There was a strong temptation to pen this tribute simultaneously to the two distinguished members of the pen profession (Sam Amuka-Pemu and Tam Fiofori) who made this 13th day (of June) a lucky one contrary to the American belief. I resisted and will celebrate each man individually.

Happy 80th birthday to Uncle Tam Fiofori.

Biographers record Uncle Tam as a photographer and documentary film maker. Journalism historians will note that Tam Fiofori is in the best ranks of multi-skilled journalists capable of reporting across life’s spectrum of subjects. A Renaissance man, Uncle Tam Fiofori has covered the arts and the sciences. And he has done so independently from the 1960s.

He covered sports, music, royalty and traditions, arts and culture with uncommon understanding and zest. He was one of our most dependable contributors as we produced Nigeria Monthly at Taijo Wonukabe Limited for the Federal Ministry of Information.
His documentary photography “produced albums chronicling Nigeria’s history”, his Wikipedia entry notes. “The subjects of his films include the Nigerian artists Biodun Olaku, J. D. ‘Okhai Ojeikere and Olu Amoda. Much travelled, Fiofori lived in Harlem, New York, in the 1960s, becoming Sun Ra’s manager, and producing writing that is considered “a founding connection between Ra and the movement that would be known as Afrofuturism”.

Wikipedia adds: “Travelling extensively since the 1960s, Fiofori became an associate in the US of Sun Ra. According to the Pan African Space Station, “Uncle Tam later invited Sun Ra to Lagos for FESTAC 77, took him to the Kalakuta Republic . . . and wrote about it all in the pioneering Nigerian journal Glendora Review.”[2][7]
Fiofori was the first New Music/Electronic Music Editor for Down Beat, and wrote for many other art and literary publications in the US and Europe — among them International Times[8] and Change magazine[9] — and has been credited with being “largely responsible for bringing underground black creativity to the American national consciousness in those heady days of the 1970s”.[10] His writing has been regularly published over the years in a range of Nigerian outlets, including NEXT newspaper,[11] and the blog Shèkèrè.[10]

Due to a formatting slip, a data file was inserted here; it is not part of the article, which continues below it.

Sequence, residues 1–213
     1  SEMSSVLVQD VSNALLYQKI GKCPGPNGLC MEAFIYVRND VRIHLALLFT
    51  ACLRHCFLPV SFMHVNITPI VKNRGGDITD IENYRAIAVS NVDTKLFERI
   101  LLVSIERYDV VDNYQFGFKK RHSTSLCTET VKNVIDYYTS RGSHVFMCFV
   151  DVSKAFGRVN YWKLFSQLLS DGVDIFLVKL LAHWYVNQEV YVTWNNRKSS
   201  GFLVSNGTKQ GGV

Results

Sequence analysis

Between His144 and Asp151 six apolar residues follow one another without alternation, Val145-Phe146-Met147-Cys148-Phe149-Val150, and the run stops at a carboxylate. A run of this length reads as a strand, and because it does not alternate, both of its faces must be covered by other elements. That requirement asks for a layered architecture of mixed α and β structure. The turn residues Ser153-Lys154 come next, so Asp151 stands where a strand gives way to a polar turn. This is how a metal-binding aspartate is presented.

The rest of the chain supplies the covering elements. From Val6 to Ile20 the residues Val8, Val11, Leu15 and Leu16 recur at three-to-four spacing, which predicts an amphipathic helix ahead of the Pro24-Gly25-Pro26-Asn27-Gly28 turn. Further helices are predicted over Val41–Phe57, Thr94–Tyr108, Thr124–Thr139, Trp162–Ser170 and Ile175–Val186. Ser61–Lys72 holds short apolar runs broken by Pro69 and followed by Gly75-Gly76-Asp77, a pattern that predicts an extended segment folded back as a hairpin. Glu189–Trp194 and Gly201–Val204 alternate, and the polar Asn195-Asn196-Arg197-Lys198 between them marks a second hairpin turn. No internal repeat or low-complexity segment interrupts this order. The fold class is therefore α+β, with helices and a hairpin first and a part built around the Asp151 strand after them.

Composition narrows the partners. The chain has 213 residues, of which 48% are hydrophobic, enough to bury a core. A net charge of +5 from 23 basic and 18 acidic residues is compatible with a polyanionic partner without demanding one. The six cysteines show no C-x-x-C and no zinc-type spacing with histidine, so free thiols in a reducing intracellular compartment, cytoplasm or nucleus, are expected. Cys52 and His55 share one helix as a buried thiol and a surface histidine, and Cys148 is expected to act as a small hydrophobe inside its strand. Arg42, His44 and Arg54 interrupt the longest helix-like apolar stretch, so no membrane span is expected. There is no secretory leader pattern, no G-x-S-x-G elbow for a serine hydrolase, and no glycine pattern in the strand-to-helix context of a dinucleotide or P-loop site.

Fiofori was a film consultant to Rivers State Council for Arts and Culture, the director of Rivers State Documentary Series, and consultant/scriptwriter to NTA Network on Documentaries. He was also founding executive of the Photographers’ Association of Nigeria (PAN).[12]

His work has been shown in Africa, Europe and the US, including Odum and Water Masquerades (1974), screened at FESTAC ’77, Tampere Film Festival, 10th FESPACO, Ouagadougou, 1987, Pan African Writers’ Association, Accra, Ghana, and 1979: A Peep into History and Culture.
His publications include the “print documentary” A Benin Coronation: Oba Erediauwa (2011).[4] As described by the author: “The book’s journalistic format has technically provided for 84 pages of photography featuring about 150 original photographs, accompanied by 72 pages of text; all about the Benin City Coronation ceremonies of Oba Erediauwa as the 38th Oba of the Benin Kingdom, from March 23 to 30, 1979.”[4] Nigeria’s Guardian newspaper judged that Fiofori “paints a poetically enchanting picture”, and said: “The author undertakes a very insightful rendering of the dynasties of the Benin Kingdom and gives an elaborate account of the 45-year reign of Oba Akenzua II which started on April 5, 1933…. Tam Fiofori has through his groundbreaking book, A Benin Coronation: Oba Erediauwa, given Nigeria and the rest of the world a timeless study in lofty heritage.”

He is a contributor to the 2018 book African Photographer J. A. Green: Re-imagining the Indigenous and the Colonial (edited by Martha G. Anderson and Lisa Aronson), in a review of which Lindsay Barrett referred to Fiofori as “Nigeria’s iconic photographic genius”.

Much love and respect, Uncle Tam.


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